In December, a week before Christmas, Cecilie and Emily hosted a traditional Danish ‘julefrokost’ in their spacious apartment in Copenhagen’s Nordvest district. A Julefrokost – literally Christmas lunch – is an all-day festivity where Danes stuff themselves with roast pork and pickled herring, and wash it down with litres of alcohol.
“Me and my friends met up at around noon, cooked some vegan flæskesteg, frikadeller and risalamande. As soon as the food was ready we started drinking some beer and, first of all, schnaps – a really strong one,” says Cecilie.
“It’s a tradition at the beginning of every Julefrokost, that you take a shot and make a speech,” adds Emily.
Biggest drinkers in Scandinavia
Danes like to drink, even more than their Scandinavian neighbours. On average, each Dane consumes 10.4 litres of pure alcohol per year, the equivalent of 40 bottles of vodka. In comparison, Norwegians annually consume 6,7 litres of pure alcohol and the Swedes 7.2.
A 2013 study by the Danish health authority Sundhedsstyrelsen found that 8.5 percent of Danes aged 16 and over were high risk drinkers, while 20 percent exceeded the maximum recommended weekly consumption limits.
“In Denmark alcohol causes 10 percent of the total burden of diseases and approximately 3,000 Danes die as a consequence of their alcohol consumption each year,” says Anne Friis Krarup from the Danish Cancer Society (Kræftens Bekæmpelse). “The ‘overuse’ of alcohol in Denmark is estimated to cost society 13 billion kroner per year.”
Diet and smoking also contribute to Denmark having the lowest life expectancy in Western Europe. But despite frighteningly high rates of lifestyle illnesses, Denmark’s permissive approach to both tobacco and alcohol – both in terms of price and availability – shows no signs of change.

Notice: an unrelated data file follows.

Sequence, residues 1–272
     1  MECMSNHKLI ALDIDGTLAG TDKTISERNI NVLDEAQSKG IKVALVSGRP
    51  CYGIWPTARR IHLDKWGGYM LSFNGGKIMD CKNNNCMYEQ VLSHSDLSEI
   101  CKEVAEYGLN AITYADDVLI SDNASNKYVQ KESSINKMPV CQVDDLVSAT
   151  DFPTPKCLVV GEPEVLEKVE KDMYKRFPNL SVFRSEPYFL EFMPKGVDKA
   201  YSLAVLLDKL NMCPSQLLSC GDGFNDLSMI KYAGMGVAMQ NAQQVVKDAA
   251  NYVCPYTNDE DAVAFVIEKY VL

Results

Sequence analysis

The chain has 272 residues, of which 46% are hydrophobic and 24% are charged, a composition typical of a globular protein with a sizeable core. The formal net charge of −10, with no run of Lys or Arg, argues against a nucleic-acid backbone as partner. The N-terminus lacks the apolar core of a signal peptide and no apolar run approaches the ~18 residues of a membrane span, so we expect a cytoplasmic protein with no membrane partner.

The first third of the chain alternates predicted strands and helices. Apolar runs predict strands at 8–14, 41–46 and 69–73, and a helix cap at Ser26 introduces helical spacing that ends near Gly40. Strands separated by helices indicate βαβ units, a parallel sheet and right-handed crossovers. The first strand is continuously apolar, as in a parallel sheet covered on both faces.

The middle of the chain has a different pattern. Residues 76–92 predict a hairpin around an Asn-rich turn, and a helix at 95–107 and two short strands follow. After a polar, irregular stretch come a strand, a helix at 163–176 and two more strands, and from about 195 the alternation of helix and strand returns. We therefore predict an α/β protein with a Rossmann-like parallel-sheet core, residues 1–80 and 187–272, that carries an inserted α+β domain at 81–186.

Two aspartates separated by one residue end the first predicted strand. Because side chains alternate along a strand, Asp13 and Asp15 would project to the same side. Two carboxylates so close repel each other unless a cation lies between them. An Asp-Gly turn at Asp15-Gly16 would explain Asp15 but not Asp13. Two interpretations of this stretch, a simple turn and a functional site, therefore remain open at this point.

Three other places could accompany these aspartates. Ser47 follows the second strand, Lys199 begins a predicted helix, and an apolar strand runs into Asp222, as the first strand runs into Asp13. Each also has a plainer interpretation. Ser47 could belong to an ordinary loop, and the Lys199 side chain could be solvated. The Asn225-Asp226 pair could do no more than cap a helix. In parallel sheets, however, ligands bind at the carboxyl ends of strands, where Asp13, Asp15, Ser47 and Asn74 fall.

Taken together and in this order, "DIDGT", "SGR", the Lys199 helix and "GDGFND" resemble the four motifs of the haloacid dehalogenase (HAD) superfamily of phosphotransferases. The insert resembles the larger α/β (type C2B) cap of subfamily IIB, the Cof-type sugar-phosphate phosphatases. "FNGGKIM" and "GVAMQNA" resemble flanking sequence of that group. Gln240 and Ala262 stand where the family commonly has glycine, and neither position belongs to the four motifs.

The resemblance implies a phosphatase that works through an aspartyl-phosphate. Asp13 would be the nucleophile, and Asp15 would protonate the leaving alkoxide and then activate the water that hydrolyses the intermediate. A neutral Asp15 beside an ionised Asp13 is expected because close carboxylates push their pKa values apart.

Krarup attributes Danish drinking habits primarily to culture, availability and strong influence from peers, and argues that the government has not done enough to prevent alcohol-related diseases and raise awareness of the risks of heavy drinking.
“Kræftens Bekæmpelse has recommended restricting the availability of alcohol – especially for children and adolescents under 18 years,” she says. “But, I think a ‘Swedish’ model will arouse uproar in the Danish population”
She might be right. Alcohol in Sweden is not only much more expensive in Denmark, beverages stronger than 3.5 percent can also only be bought for home consumption through the state-owned monopoly System Bolaget. Typically open during day time hours Monday to Saturday, and closed on Sunday, it’s a far cry from Denmark, where alcohol can be bought 24 hours a day, seven days a week – at least from a 7-11.
This approach has seen Sweden and Norway – which operates a similar alcohol policy – ranked as some of the world’s least free countries, in regards to alcohol, on the European Policy Information Centre’s “nanny state index”.
A “nanny state” is a disparaging term, which refers to a government that excessively interferes with its citizen’s personal choices, for example how much alcohol, tobacco, fat or soda they consume.
British author and journalist Chris Snowdon helped develop the Nanny State Index. He is a vocal opponent of this type of government intervention, and has published three books discussing the effectiveness of government interference on personal lifestyle choices.